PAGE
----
Paging Frannie McMae: Meaningful reform of Fannie Mae and Freddie Mac seems a ways off, so we might as well merge the two and save some money in the meantime, argues attorney Stephen A. Blumenthal, a former acting director of the agencies' old regulator, the Office of Federal Housing Enterprise Oversight. Combining the government-sponsored enterprises "would be a logical extension of the current [Federal Housing Finance Agency] program that seeks to make the enterprises more efficient by eliminating their duplication of efforts," he writes. Readers are on board with the plan. "Wasn't the only reason for the formation of Freddie to create the appearance of 'competition' for Fannie so there would not appear to be a monopoly back in the 30's?" writes commenter jonb. "Now that the GSE concept is so integrated into the mortgage process, what difference does it make any more?" Another reader, markfromkansas, suggested combining all the federal home loan programs, including those for veterans and rural areas, under one umbrella. "Even if we can't do that, can we at least give them all the same credit standards? The logic of a given factor being good enough for one federal program but not another escapes me," he writes.

Choke Point Target: Critics of Operation Choke Point often argue that the Department of Justice's program unfairly targets law-abiding companies in controversial but lawful industries like payday lending and arms dealing. William Isaac, a former chairman of the Federal Deposit Insurance Corp., says that Choke Point also harms the working-class people who patronize payday lenders, check cashers and other alternative financial service providers. "Eliminating these businesses will not do consumers any favors," he writes. "States that eliminate payday loans immediately experience a substantial rise in costly outcomes to consumers, according to research at the Federal Reserve Bank of New York and Kansas City Fed."

Also on the blog: The Community Reinvestment Act determines banks' community lending responsibilities according to their branch locations, but a growing number of lenders have a limited brick-and-mortar presence. There's an easy solution to the problem, according to attorney Warren Traiger: "Regulators should simply carve out a category of virtual banks that have tailored CRA responsibilities and examination standards."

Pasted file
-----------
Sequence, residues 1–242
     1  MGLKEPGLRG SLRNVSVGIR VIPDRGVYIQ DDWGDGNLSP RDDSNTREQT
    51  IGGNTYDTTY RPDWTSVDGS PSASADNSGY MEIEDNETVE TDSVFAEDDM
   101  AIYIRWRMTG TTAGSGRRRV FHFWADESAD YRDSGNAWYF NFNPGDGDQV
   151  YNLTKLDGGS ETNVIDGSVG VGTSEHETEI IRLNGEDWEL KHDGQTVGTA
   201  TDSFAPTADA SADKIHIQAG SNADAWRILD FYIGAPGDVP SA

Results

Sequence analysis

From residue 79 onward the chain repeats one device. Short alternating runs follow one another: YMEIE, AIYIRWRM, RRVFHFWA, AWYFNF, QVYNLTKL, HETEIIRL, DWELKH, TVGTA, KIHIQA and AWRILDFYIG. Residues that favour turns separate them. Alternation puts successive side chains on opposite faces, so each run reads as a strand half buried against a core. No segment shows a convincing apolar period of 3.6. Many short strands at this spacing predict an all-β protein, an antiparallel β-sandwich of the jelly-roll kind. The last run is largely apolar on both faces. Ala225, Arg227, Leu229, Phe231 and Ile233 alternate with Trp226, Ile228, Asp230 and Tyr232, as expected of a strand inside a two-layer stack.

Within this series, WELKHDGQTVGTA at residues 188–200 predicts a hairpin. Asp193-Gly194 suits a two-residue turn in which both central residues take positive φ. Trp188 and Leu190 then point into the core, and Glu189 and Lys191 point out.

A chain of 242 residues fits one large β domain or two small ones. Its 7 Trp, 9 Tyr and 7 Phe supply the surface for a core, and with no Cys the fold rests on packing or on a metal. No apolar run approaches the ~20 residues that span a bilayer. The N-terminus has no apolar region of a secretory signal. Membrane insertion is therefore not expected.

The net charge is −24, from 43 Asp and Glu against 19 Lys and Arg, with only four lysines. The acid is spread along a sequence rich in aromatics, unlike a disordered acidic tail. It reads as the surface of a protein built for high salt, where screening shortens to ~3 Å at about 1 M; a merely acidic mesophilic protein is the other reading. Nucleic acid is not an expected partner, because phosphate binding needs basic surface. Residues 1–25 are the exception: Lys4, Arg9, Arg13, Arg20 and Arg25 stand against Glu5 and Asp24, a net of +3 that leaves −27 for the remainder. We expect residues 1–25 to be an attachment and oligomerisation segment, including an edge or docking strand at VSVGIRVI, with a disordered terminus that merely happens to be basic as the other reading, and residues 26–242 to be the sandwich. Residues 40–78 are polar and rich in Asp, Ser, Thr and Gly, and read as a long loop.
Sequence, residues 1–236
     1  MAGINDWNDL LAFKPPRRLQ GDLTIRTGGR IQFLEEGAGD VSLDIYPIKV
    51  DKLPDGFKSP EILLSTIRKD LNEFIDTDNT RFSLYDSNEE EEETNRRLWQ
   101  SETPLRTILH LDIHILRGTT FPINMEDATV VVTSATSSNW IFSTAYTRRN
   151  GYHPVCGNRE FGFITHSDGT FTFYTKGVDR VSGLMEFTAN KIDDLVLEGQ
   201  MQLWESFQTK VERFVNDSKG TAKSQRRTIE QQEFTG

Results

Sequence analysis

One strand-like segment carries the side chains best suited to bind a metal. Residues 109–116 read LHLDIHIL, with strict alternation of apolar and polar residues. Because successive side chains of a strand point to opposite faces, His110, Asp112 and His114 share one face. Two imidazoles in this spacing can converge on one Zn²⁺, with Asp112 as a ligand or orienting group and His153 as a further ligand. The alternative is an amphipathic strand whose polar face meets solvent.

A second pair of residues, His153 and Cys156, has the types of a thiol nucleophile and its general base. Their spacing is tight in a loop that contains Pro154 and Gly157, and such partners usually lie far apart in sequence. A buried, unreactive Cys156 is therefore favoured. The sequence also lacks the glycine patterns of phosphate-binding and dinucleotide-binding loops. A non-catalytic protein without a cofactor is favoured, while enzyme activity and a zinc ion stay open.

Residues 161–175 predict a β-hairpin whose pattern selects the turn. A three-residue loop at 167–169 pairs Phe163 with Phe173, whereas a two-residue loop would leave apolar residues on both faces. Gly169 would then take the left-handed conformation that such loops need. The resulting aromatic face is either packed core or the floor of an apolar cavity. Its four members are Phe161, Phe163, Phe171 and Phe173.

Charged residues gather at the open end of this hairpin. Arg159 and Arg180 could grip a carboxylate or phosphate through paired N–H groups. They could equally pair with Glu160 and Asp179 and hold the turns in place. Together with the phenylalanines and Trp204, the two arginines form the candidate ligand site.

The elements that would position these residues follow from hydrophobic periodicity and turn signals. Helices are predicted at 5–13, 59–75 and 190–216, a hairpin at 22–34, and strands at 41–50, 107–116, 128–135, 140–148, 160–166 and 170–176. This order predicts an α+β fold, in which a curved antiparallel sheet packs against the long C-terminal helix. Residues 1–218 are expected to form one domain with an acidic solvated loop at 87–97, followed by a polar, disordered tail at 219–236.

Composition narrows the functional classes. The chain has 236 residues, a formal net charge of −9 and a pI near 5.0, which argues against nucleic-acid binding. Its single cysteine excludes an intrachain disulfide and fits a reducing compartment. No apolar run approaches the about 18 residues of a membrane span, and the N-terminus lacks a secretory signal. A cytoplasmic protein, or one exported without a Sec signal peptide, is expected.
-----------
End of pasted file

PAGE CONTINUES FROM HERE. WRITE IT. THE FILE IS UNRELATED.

Mayra Rodríguez Valladares warns that banks may be exposing themselves to operational risk by outsourcing Volcker Rule compliance work to lawyers, accountants, consultants and IT vendors. Management consultant Davia Temin takes a look at some uncomfortable findings about how successful women negotiate unconscious gender bias and power dynamics in finance, technology and other industries.

Bank tellers and other front-line staff often resist training that asks them to make heavy-handed sales pitches, and with good reason, according to consultant Dave Martin. Customers who come into branches "often aren't in a genial mood, and the last thing they want is to be forced to hear a lengthy spiel about some product that's of no interest to them," he writes. Martin recommends that banks focus on winning over customers with capable, friendly service before asking for additional business.

Before lending to bitcoin users, banks should draw up new requirements that address the specific credit risks associated with digital currencies, according to attorney David Lawson. And community bank marketer Kevin Tynan offers up a bold idea: credit unions and community banks should collaborate on an ad campaign that lashes out at big banks and positions local institutions as a trustworthy, caring alternative.